A Day in Old Athens
Chapter I. The Physical Setting of Athens.
1. The Importance of Athens in Greek History.—To three ancient nations the men of the twentieth century owe an incalculable debt. To the Jews we owe most of our notions of religion; to the Romans we owe traditions and examples in law, administration, and the general management of human affairs which still keep their influence and value; and finally, to the Greeks we owe nearly all our ideas as to the fundamentals of art, literature, and philosophy, in fact, of almost the whole of our intellectual life. These Greeks, however, our histories promptly teach us, did not form a single unified nation. They lived in many “city-states” of more or less importance, and some of the largest of these contributed very little directly to our civilization. Sparta, for example, has left us some noble lessons in simple living and devoted patriotism, but hardly a single great poet, and certainly never a philosopher or sculptor. When we examine closely, we see that the civilized life of Greece, during the centuries when she was accomplishing the most, was peculiarly centered at Athens. Without Athens, Greek history would lose three quarters of its significance, and modern life and thought would become infinitely the poorer.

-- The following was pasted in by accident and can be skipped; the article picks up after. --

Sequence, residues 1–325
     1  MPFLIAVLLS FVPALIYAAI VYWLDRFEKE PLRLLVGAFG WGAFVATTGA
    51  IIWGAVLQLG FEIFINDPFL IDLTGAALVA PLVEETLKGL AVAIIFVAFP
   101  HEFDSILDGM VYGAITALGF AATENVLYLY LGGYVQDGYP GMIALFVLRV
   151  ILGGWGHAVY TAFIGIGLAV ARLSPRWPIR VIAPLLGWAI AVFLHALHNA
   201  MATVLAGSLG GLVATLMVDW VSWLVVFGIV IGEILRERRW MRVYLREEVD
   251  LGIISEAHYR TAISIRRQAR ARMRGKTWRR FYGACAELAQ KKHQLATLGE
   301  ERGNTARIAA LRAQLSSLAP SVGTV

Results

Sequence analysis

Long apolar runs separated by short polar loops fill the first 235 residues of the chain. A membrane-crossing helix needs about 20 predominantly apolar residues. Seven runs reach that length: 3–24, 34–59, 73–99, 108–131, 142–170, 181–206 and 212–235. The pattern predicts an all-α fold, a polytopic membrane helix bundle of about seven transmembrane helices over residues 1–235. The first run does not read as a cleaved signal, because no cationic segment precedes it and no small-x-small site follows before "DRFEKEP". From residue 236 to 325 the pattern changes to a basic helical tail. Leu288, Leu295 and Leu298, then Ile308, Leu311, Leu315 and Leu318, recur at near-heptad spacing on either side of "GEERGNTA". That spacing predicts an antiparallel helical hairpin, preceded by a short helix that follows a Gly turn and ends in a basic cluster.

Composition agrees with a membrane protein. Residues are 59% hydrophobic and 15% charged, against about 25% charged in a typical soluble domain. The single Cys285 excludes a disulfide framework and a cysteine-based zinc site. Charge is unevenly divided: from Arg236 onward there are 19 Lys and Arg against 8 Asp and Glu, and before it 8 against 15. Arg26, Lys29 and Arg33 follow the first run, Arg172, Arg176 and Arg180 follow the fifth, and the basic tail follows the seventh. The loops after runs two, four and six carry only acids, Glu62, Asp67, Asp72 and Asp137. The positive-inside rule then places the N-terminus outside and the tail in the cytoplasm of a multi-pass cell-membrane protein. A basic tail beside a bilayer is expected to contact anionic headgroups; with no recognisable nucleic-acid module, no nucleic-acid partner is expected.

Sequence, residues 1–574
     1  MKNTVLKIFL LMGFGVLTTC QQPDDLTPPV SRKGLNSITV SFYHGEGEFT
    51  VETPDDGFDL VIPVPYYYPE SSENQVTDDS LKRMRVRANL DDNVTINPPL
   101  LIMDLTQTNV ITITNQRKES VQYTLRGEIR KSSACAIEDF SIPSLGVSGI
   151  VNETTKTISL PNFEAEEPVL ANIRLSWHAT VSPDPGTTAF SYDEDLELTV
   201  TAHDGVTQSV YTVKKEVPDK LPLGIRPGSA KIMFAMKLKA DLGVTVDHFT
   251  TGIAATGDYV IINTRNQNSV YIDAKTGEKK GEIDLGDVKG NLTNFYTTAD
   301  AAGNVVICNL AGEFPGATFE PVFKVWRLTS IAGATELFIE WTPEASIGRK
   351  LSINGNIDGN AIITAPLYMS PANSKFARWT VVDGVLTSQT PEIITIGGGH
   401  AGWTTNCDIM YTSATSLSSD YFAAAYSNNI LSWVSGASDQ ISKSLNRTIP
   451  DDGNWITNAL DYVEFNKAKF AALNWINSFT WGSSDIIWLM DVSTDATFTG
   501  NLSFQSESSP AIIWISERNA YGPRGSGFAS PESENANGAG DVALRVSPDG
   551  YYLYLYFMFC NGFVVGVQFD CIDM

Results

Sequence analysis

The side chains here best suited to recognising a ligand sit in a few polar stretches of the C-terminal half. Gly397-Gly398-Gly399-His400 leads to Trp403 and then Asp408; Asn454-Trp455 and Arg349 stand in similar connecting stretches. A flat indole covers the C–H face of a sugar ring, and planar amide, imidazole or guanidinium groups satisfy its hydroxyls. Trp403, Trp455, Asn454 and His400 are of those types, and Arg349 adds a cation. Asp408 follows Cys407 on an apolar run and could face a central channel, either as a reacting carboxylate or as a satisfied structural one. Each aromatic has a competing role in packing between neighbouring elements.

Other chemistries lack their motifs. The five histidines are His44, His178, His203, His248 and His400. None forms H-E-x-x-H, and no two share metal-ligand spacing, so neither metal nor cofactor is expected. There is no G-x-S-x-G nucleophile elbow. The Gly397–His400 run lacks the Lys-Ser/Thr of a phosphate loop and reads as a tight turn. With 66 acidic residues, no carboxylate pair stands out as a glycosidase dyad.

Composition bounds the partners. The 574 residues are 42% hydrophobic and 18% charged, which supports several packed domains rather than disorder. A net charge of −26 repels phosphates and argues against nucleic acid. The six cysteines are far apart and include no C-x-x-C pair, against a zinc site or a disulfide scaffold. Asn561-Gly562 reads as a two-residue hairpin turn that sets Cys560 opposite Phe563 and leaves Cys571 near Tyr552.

2. Why the Social Life of Athens is so Significant.—Because, then, the contributions of Athens to our own life are so important, because they touch (as a Greek would say) upon almost every side of “the true, the beautiful, and the good,” it is obvious that the outward conditions under which this Athenian genius developed deserve our respectful attention. For assuredly such personages as Sophocles, Plato, and Phidias were not isolated creatures, who developed their genius apart from, or in spite of, the life about them, but rather were the ripe products of a society, which in its excellences and weaknesses presents some of the most interesting pictures and examples in the world. To understand the Athenian civilization and genius it is not enough to know the outward history of the times, the wars, the laws, and the lawmakers. We must see Athens as the average man saw it and lived in it from day to day, and then perhaps we can partially understand how it was that during the brief but wonderful era of Athenian freedom and prosperity[*], Athens was able to produce so many men of commanding genius as to win for her a place in the history of civilization which she can never lose.
[*]That era may be assumed to begin with the battle of Marathon (490 B.C.), and it certainly ended in 322 B.C., when Athens passed decisively under the power of Macedonia; although since the battle of Cheroneia (338 B.C.) she had done little more than keep her liberty on sufferance.